The frozen tundra of northern Alberta is the setting for a hot new idea that’s poised to foster innovation, create jobs, support livestock production and give young people an entrée to the business.

Commentary:  Big push for small operatorsDo you want to help foster positive change for the animal agriculture and meat processing industries? And support your local economy? And create jobs? And provide opportunities for a younger generation to enter the business?

Of course you do. There’s no downside to that agenda.

This week’s conversation is with a man who’s developing a project is aimed at doing all of the above. Best of all, despite his academic credentials, what he’s developing doesn’t involve rocket science. Or brain surgery — just an innovative partnership between farmers, producers and processors and the resources of a local community college that’s thinking big and acting boldly about the future of its local economy and the job prospects of its students.

The man’s name is Paul Pelletier. He’s the Dean of Food Sciences at Portage College in St Paul, Alberta, Canada, which for anyone who’s visited the upper reaches of that prairie province, is located so far north even Canadians admit it’s pretty much in the middle of nowhere.

Pelletier’s project is developing what’s being called the Food Sciences Training Centre and Business Incubator at Portage College, and he took some time out from enjoying the area’s below-zero temperatures last month to discuss the potential of his project with Contributing Editor Dan Murphy.

Q. Let’s start with a little background on northern Alberta. What’s it like there and what are the region’s economic drivers?

Pelletier: Well, we’re one of the few areas in Canada with virtually no unemployment. There are so few people here, relative to the size of the energy industries, that anyone who wants to work can get a job. But the regional economy is also based very strongly on agriculture, mainly cash crops, such as grain and soybeans, and cattle production.

Q. And farming and ranching was the basis of this “incubator” idea?

Pelletier: Yes. We have a lot of small farmers’ markets here in our area. They’re successful, but they’re very small, very local. We started to think, why not turn this kind of activity into an actual industry? That’s when the idea of creating a “regional brand” was first developed, a brand unique to northeast Alberta. At that time, an older school building in the area was about to be demolished, and so we floated the idea of turning the property into a food sciences and business development center.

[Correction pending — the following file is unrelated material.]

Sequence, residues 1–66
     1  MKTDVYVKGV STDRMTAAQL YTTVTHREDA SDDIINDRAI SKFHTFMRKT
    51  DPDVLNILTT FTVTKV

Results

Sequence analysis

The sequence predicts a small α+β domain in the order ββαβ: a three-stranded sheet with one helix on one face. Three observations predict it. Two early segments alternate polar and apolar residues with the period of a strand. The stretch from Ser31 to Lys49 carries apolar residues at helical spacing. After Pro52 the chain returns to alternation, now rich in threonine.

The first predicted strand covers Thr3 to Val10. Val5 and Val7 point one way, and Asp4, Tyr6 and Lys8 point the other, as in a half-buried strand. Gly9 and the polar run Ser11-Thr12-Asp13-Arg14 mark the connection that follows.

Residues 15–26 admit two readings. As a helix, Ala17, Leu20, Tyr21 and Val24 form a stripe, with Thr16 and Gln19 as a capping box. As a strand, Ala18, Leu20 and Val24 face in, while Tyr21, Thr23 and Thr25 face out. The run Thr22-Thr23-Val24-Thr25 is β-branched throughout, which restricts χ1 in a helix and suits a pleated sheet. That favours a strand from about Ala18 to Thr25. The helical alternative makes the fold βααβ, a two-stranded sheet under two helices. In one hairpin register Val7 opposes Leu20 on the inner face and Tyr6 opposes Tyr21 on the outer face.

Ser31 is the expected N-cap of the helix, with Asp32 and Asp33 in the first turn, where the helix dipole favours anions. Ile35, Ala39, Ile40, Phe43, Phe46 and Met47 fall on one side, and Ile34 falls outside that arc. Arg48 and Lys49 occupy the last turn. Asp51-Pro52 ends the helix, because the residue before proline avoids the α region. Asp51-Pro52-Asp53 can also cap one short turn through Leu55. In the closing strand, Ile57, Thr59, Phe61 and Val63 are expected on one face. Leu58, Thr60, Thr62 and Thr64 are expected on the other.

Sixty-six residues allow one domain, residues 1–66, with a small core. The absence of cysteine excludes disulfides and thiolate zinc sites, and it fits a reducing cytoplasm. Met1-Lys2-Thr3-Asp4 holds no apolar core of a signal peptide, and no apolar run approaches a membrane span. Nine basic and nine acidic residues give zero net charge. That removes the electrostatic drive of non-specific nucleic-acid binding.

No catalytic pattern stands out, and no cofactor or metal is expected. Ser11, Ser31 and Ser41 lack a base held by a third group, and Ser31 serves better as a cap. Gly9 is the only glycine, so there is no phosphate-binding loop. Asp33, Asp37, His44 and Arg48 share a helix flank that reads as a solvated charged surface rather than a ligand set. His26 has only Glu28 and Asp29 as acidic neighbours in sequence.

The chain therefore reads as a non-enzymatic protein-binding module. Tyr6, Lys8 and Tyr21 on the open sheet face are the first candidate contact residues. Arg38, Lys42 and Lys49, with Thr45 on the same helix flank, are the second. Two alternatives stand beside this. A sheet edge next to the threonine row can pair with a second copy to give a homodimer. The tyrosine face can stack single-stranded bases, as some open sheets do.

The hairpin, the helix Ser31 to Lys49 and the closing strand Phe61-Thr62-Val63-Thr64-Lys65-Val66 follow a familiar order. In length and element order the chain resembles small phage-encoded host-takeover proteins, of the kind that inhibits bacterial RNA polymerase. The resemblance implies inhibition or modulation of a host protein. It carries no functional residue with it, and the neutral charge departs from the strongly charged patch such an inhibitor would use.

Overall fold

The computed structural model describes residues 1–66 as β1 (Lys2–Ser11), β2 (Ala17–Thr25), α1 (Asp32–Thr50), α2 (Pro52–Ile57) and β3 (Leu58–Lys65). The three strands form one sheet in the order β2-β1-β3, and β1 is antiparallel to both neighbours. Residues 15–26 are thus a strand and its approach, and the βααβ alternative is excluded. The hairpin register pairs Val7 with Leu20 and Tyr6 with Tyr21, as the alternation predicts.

Q. Obviously, that took place, as you mentioned. So what are the facilities at this center?

Pelletier: Right now, we’re just getting underway as the interior renovation is about complete. We have test kitchens and a production center for scaling up, not high-volume; more of a “micro-processing center.” We call it benchtop production, but it’s a vital step in going from developing formulations to actual commercial production.

Q. If this center succeeds, and you do attract a fair number of small farmers, ranchers or processors who begin to develop marketable products, are you concerned about push-back from commercial food companies? Aren’t you creating competitors for them?

Pelletier: Our vision is that we can be an incubator for this region, that entrepreneurs will come here with good ideas, whether that’s a new product concept or a family recipe. They’ll be able to use our facilities to determine whether the product is possible to commercialize.

Q. What types of products do you envision?

Pelletier: Most likely first-to-market products, convenience items, ones that we hope are unique to this areas of Alberta. In fact, we have a project planned to develop aboriginal products, from the First Nations tribes here in the area, including an energy bar made with traditional ingredients and some specialized meat products.

Q. You have the equipment to conduct meat processing?

Pelletier: We have a small-scale meat lab with sausage-making and other capabilities; ovens; a bakery; a kettle line for jams, jellies and such; and a packaging line so that entrepreneurs can also explore viable packaging options and material costs. We can even provide the lab services to help them develop nutritional labeling, and all along the way, the students at the college will be learning the knowledge and practical skills they need to earn foodservice and food processing certificates.

Q. I understand that the goal is for the center to become self-sufficient in terms of its operating revenue, but do you envision benefits that would extend beyond the college itself?

Pelletier: Yes, that’s a critical piece of our project. We have a large First Nations representation around here, so that is one group that can benefit from using our center to add value to some of their traditional foods and ingredients. But another goal is to support what we call “acreage farming,” the 10- to 20-acre operations that are under competitive pressure from larger, more efficient farmers and producers. If those folks have a way to create something unique from their crops or livestock, if they can process and market products directly to a segment of consumers, then they have a way to stay viable.

Mixed farming, with various specialty crops and animals on limited acreage, used to be the model. We want to provide a means for those farmers and ranchers to stay on their land and still earn a profit. We see that as one of our roles as a college serving this province.

› For more information on Portage College’s new incubator, log onto

The opinions expressed in this commentary are solely those of Dan Murphy, a veteran food-industry journalist and commentator.